Structural Change and the Supply of Agricultural Workers
Tommaso Porzio () and
No 12495, CEPR Discussion Papers from C.E.P.R. Discussion Papers
What explains labor reallocation out of agriculture? We show that decreases in the supply of agricultural workers, due to younger birth-cohorts having skills which are more valued out of agriculture, play a major, and previously overlooked, role. First, we use micro data from 52 countries to decompose aggregate labor reallocation into year and cohort effects. Cohort effects accounts for more than half of overall reallocation. Then, we develop an overlapping generations model to provide an analytical and parsimonious map from the statistical objects, year and cohort effects, into the structural objects of interest, demand and supply of agricultural workers. The map is modulated by mobility frictions and general equilibrium, which we discipline with micro data. Filtering the data through the model, we conclude that decreases in the supply of agricultural workers account for a sizable fraction, approximately one third, of labor reallocation. Finally, we show that, both within and across countries, larger increases in schooling across cohorts are correlated with faster reallocation out of agriculture, suggesting that human capital determines the supply of agricultural workers. We provide further, and causal, evidence on the role of human capital by showing that a school construction program in Indonesia led to labor reallocation out of agriculture.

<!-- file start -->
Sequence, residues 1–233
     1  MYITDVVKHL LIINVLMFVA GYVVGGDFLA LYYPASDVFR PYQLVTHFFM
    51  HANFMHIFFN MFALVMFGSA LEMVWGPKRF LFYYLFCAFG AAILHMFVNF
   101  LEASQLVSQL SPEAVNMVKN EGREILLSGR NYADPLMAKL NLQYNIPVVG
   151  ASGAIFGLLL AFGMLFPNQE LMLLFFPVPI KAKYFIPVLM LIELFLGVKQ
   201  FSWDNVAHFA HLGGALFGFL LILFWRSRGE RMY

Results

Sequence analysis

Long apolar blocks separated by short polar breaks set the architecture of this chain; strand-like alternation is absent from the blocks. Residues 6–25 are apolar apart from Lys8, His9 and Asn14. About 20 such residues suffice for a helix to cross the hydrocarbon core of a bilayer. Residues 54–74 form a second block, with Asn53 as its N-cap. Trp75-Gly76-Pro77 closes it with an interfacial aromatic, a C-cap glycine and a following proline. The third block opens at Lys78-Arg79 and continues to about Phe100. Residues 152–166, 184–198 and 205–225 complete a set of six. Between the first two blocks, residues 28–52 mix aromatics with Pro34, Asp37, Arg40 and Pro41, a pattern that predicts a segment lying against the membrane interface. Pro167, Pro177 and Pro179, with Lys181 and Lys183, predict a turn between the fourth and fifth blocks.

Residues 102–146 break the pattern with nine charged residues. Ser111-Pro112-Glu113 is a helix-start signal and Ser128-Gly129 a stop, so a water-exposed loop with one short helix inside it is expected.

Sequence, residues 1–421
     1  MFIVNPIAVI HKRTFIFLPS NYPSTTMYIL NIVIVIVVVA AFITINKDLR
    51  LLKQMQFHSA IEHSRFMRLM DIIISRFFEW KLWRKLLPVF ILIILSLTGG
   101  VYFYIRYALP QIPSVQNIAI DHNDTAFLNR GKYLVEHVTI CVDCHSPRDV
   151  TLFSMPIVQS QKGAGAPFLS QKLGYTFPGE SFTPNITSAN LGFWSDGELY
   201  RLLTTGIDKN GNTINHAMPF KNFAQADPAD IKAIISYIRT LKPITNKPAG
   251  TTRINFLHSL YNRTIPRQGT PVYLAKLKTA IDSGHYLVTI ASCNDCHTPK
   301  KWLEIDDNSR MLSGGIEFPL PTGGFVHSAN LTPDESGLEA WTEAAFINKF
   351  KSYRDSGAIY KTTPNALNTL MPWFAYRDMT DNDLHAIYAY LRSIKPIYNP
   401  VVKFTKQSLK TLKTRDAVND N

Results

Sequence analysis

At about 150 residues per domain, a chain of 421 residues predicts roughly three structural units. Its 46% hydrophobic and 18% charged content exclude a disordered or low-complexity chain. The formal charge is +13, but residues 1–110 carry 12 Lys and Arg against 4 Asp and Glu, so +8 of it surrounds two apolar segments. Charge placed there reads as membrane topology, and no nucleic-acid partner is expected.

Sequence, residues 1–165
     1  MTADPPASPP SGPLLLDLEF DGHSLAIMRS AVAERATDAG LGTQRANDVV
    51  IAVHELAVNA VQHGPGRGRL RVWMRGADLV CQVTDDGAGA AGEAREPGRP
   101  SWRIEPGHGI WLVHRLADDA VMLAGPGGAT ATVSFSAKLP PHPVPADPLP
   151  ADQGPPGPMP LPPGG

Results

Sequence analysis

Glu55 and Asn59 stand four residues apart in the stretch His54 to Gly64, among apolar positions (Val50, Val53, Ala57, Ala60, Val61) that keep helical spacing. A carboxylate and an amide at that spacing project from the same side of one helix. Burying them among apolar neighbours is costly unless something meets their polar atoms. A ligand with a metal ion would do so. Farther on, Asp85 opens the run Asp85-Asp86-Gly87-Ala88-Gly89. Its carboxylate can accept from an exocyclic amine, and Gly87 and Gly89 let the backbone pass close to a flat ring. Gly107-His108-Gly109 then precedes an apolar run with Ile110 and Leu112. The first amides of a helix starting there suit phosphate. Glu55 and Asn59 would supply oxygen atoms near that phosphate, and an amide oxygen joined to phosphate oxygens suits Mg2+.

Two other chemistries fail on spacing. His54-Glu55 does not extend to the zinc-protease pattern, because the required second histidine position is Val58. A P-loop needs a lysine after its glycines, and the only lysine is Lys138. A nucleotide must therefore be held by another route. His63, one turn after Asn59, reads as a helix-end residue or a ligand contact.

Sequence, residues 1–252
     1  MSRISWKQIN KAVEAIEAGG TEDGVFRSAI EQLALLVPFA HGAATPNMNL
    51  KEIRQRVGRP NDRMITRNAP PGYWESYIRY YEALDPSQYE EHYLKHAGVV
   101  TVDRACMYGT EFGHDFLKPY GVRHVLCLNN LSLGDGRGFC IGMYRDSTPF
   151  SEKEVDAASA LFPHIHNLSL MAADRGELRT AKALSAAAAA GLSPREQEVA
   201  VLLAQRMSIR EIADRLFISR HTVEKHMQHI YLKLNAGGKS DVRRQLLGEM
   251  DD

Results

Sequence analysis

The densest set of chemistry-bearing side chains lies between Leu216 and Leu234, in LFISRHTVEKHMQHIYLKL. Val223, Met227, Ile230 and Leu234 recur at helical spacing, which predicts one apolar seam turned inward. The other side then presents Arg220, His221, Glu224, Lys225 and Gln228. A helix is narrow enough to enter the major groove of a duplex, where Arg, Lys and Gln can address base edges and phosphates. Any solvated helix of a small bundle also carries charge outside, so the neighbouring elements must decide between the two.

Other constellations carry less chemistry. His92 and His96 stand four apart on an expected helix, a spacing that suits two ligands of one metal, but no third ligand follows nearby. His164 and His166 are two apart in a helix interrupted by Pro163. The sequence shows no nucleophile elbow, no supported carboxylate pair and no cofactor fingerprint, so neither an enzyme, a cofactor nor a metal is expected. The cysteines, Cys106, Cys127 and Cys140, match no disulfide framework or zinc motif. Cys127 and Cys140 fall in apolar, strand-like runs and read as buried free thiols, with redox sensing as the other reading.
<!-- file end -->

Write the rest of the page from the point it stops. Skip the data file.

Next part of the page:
New Economics Papers: this item is included in nep-agr, nep-dge and nep-sea
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